It was the summer of 1969 in Memphis. Droves of music devotees—white, black, young, and old—braced themselves for the sweltering Memphis heat and flocked to what was then the Overton Park Shell for the fourth annual (and final) Memphis Country Blues Festival. Among them was Adelphi Records founder Gene Rosenthal, who was in town from Maryland with a camera crew to film the three-day event, which also doubled as a celebration honoring the city’s 150th anniversary. Rosenthal captured roughly 17 hours of footage and double the amount of audiotape, the processing of which completely dissipated his budget. So, it was shelved and stowed away for a half-century, never made widely available. Until now, that is.
Recently finding a home on the Mississippi-based record label Fat Possum’s YouTube channel, Memphis ‘69, directed by Joe LaMattina using Rosenthal’s film, is the completed one hour and 12-minute-long documentary chronicling the festival, and it’s a goldmine of performances from already established blues acts, as well as artists on the rise. For the festival’s fourth year and the city’s sesquicentennial, the Memphis Country Blues Society, the group that hosted the event, succeeded in its pledge to put together the most notable lineup yet, and they did it with mainly local acts.
Memphis legend Rufus Thomas, dressed in a black suit and tie and backed by Stax pillars the Bar-Kays, kicked off the festival with a lively performance of his song “Walking the Dog.” It was strange not seeing him in his flashy cape-and-shorts combo that later became his trademark, but his effervescent personality and stage presence shone through in spades. The gravelly-voiced Bukka White, cousin and mentor to B.B. King, also made a couple of appearances. “The only way you can sing the blues like this is to actually feel them deep down inside your soul,” Thomas, who also doubled as emcee, announced to the crowd during his introduction of White. Despite singing the blues, White adopted a mile-wide grin and put on a show, playing the guitar behind his head and slapping it like a drum, all to the pleasure of the crowd.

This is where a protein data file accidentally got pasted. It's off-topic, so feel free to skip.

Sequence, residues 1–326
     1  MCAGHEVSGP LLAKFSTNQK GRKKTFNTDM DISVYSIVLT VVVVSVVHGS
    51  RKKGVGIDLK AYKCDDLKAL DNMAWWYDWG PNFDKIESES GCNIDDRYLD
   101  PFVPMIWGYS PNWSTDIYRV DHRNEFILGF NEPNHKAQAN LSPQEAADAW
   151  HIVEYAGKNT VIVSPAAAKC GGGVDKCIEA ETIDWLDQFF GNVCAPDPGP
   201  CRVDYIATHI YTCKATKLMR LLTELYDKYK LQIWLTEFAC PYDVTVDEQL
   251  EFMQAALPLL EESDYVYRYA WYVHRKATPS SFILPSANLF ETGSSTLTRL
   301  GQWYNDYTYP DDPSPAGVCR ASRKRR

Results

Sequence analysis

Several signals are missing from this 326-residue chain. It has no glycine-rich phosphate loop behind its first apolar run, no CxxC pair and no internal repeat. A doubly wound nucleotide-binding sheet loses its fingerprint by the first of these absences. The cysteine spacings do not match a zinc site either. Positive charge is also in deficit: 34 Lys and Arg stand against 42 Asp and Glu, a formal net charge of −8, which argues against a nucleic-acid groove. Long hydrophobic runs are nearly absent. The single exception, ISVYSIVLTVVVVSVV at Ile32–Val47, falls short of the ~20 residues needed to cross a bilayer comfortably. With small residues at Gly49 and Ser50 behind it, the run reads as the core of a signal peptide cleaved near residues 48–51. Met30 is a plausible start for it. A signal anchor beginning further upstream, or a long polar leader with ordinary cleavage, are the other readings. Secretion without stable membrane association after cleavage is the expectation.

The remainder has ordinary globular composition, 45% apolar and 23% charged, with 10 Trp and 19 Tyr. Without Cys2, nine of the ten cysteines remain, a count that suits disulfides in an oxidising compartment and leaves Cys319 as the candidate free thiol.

Other crowd-pleasers included guitar virtuoso John Fahey, Englishwoman Jo Ann Kelly, Mississippi Fred McDowell, the 106-year-old Nathan Beauregard, and Memphis icon Furry Lewis, who’s the subject of the Joni Mitchell tune “Furry Sings the Blues.” Newcomer Johnny Winter, with his “300 amplifiers,” also made an appearance, the sound system totally not equipped for his electrifying performance of “Memory Pain.”
Like a lot of concert documentaries, Memphis ‘69 is as much an homage to the people and style of the time as it is to the music, the camera zooming in on a pair of knee-high fringed boots here, and a girl wearing a black and white shift dress with matching bug-eye sunglasses there. It was a little more than a month before Woodstock, after all, and by this time, the counterculture movement had made its way to Memphis. However, seeing as it was the year after Martin Luther King Jr.’s assassination and the Overton Park Shell had served as a meeting spot for Ku Klux Klan rallies in the past, the crowd shots also emphasize an even bigger message, one of unity. With a diverse crowd of about 3,000, it was clear that at the Memphis Country Blues Festival, the love of the blues was still as strong as ever in its birthplace, and, as Memphis ‘69 states, the “music prevailed.”
Memphis ‘69 first premiered at Slamdance Film Festival in 2019 and in addition to being available on YouTube, is available to purchase on DVD from Fat Possum Records’ online store.